"But if we get the required approval by the end of this year, then we'll be on track for an early 2016 commencement with what is very definitely a 'whisper jet,'" Mr. Deluce said, one of his dozen or so usages of the plane's marketing moniker.

The view among those at the recent test flight was that Bombardier's CS100 jet aircraft is remarkably quiet. But those opposing Porter's expansion plan have argued that regardless of its sound profile, the airline will be operating more planes, making more accumulative noise.

Mr. Deluce countered quickly that because the jets would be flying longer distances, they'll be in and out of the the downtown airport, taking up a large piece of an island next to downtown Toronto, much less than the company's current Q400 turboprop airplanes flying shorter routes in and out of Toronto all day long.

And so the debate goes.

"We need either an exemption for the CS100 from the Tripartite Agreement, or we need the jet ban to be lifted. Now we think the right way to go is with the exemption, but obviously others might think differently," he said. An exemption wouldn't favour Air Canada, which flies into the airport, too, but currently doesn't own CS100 jets.

Decibels aside, Mr. Deluce finds himself regularly defending the need to extend the runway by 168 metres on both ends to accomodate the new Bombardier plane. Earlier this month, the company also submitted an alternate proprosal to extend it by 200 m in both directions. Porter has said this would allow the jet aircraft to take off with less power and therefore less noise.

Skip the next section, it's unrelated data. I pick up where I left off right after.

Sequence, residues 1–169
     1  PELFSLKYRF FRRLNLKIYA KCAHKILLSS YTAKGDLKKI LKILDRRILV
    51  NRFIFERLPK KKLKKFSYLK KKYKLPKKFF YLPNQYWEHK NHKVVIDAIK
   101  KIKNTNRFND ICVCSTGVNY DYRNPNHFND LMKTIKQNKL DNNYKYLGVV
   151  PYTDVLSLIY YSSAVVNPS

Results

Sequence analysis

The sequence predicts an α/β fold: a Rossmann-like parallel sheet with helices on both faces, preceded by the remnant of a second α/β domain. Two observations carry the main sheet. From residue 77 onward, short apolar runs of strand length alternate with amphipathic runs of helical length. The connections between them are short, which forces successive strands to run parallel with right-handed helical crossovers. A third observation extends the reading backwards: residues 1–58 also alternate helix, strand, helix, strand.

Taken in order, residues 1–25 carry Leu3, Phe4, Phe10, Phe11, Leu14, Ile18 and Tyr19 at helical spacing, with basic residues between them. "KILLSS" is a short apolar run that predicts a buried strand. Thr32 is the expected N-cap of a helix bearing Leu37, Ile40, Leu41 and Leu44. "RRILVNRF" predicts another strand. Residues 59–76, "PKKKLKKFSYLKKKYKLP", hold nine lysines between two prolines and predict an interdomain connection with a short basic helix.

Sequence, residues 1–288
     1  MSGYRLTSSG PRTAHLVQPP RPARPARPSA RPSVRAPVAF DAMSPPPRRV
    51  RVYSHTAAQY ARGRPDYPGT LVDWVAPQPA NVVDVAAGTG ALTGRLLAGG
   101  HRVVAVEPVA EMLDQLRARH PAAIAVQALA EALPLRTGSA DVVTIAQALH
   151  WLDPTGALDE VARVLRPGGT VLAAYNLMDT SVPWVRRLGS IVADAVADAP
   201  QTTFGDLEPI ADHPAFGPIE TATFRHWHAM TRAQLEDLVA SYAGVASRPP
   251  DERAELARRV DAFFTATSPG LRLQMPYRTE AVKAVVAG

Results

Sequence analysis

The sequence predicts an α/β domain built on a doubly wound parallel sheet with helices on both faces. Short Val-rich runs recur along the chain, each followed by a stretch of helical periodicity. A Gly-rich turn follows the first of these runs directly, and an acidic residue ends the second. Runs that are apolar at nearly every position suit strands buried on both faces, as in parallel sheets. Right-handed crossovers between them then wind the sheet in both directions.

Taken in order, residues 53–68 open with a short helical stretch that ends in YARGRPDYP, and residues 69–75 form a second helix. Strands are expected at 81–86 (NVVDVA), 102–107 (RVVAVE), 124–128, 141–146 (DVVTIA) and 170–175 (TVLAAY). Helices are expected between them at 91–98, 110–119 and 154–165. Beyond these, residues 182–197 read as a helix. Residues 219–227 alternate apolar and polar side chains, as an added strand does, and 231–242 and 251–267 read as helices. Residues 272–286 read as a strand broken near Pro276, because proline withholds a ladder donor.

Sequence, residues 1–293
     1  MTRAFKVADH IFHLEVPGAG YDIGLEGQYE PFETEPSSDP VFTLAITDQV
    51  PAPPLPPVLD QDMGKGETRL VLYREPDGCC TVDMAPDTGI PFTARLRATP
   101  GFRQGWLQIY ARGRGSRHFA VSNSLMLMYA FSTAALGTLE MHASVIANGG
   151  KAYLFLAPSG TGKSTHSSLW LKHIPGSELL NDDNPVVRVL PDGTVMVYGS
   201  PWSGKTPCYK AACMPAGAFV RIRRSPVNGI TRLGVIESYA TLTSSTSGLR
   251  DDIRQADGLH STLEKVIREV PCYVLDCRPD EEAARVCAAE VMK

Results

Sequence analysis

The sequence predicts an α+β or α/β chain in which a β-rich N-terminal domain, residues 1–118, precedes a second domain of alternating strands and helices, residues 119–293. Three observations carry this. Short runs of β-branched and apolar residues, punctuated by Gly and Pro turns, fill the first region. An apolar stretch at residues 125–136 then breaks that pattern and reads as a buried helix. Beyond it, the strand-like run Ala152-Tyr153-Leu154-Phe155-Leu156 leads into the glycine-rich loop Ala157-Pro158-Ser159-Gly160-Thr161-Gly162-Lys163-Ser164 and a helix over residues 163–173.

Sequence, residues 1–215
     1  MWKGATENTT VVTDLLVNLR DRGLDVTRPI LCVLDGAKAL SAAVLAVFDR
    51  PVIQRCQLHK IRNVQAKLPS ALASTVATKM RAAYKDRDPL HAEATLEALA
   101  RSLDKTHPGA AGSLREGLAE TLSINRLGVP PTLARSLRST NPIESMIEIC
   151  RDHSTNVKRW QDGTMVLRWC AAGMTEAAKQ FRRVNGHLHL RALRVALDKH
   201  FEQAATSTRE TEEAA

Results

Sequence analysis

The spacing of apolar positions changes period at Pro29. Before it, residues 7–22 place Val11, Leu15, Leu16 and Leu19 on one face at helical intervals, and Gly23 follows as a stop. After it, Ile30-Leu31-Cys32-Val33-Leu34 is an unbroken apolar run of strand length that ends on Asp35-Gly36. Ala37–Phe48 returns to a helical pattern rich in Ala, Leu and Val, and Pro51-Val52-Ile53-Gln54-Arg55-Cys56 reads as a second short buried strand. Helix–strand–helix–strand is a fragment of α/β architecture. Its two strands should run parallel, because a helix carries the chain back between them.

Here is where Mr. Deluce gets into the minutae. A 200-m extension on the west end of the runway would create a breakwater, helping to calm the waves on that portion of the inner harbour, he said. "It may well help boaters. Boaters may see some value in that, and if they do, then that one is worth looking at."

It's rare for an airline president to have to be so versed in local boating conditions, or so acquainted with a local community centre at the foot of Bathurst Street, because of its proximity to the airport. Also ironic is that Mr. Deluce is trying to transform the same airport where he learned to fly as a teenager in 1967, back when it hosted even more air traffic. Expanding the commercial potential for the Toronto Islands airport is an idea he has had throughout his adult life, he said.